The Red Mass is often associated wit St. Thomas More the patron saint of all statement, politicians, lawyers and people in public life. Even though it it the votive Mass of the Holy Spirit, it is precisely for invoking the guidance of the Holy Ghost on those in public office that this tradition has started.

Holy Spirit, guide us in all our ways.

St. Thomas More, pray for us.

The Gold Mass

The liturgical colour or the Gold Mass is white.

The Gold Mass is relatively new and is not yet very popular, but as time moves on it may increase in popular devotion.

The Gold Mass may celebrated annually in the Catholic Church since 2016 for Catholic scientists. The first "Gold Mass" for Catholic scientists was held on November 15, 2016, in the chapel of the Massachusetts Institute of Technology (MIT), in Cambridge, Massachusetts. The sponsor is the Society of Catholic Scientists, which was incorporated in the summer of 2016 in the territory of the Archdiocese of Philadelphia. The color gold was chosen because it represents the alchemy of science and it is the color that is worn at graduation ceremonies (on the hood of those who are being awarded bachelors, masters, or doctoral degrees in the academic discipline of science). The date of November 15 was chosen because it is the feast day of St. Albert the Great, a Dominican Doctor of the Church who is the patron of scientists.

Although on the Votive Mass in honour of St. Albert white vestments are to be used, one is free to use gold coloured vestments on this occasion. “Cloths of gold” can replace can replace the liturgical colours of white, green and red. This is permitted so due to its’ intrinsic value as a rare metal.

“Science can purify religion from error and superstition. Religion can purify science of idolatry and false absolutes.” - Pope St. John Paul II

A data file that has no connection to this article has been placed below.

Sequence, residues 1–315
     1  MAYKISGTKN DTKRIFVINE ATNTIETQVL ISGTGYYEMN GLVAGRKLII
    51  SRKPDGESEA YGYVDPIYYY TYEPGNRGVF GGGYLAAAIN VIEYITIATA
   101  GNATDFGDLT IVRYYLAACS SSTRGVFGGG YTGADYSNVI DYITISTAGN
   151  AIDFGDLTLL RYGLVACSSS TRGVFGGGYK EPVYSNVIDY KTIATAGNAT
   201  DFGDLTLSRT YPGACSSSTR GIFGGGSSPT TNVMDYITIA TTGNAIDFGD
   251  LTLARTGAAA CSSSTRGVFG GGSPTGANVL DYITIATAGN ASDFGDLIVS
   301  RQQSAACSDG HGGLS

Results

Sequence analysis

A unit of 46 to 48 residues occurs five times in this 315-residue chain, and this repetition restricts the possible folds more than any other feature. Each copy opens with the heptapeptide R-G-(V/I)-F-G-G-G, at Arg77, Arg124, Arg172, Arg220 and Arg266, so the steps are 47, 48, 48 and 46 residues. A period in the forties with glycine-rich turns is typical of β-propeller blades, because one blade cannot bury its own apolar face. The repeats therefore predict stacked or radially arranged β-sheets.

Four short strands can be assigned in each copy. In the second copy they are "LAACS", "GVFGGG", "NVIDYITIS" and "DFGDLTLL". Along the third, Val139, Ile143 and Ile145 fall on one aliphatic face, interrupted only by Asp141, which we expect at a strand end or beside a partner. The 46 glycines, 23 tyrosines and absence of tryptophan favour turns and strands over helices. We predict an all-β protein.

A Gold Mass is easy to arrange. One needs: (a) a church or chapel, (b) a celebrant and homilist, (c) a nearby hall to hold the reception, and (d) permission of the local bishop. Such masses should be advertised several weeks in advance through local Catholic media and on local college campuses. Information about upcoming Gold Masses will be posted on the SCS website. Though the above elements are the only things required for a Gold Mass, it is also possible to make the Gold Mass a more eleborate event, with a public lecture afterwards. An example of this was the Gold Mass held at the University of Notre Dame in 2017. - Gold Masses

St. Albert the Great, pray for us.

The Blue Mass

The liturgical colour of the Blue Mass is white.

The Blue Mass is a Mass offered for the intentions of all first responders (police, fire fighters and paramedics). It gets it term of the Blue Mass from the fact that most first responder’s uniforms are blue. This Mass can be said any day of the year. In the USA, President John F. Kennedy, in 1962, declared May 15 as Peace officers Memorial Day and the week in which May 15 falls as Police Week. As a result, many places in the USA hold their annual Blue Mass sometime in early May. A more natural choice for other countries would be a votive Mass of St. Michael the Archangel, who is the patron saint of first responders. September 29 is the feast day of St. Michael the Archangel and seeing that the month of September has been traditionally dedicated to the Holy Angels a date within this month would be most appropriate.

St. Michael the Archangel, pray for us.

St. Florian, patron saint of firefighters, pray for us.

The White Mass and /or Rose Mass

The liturgical colour of the White or Rose Mass is white if the votive Mass is in honour of St. Raphael and it is the same colour if a Mass is said in St. Luke's honour.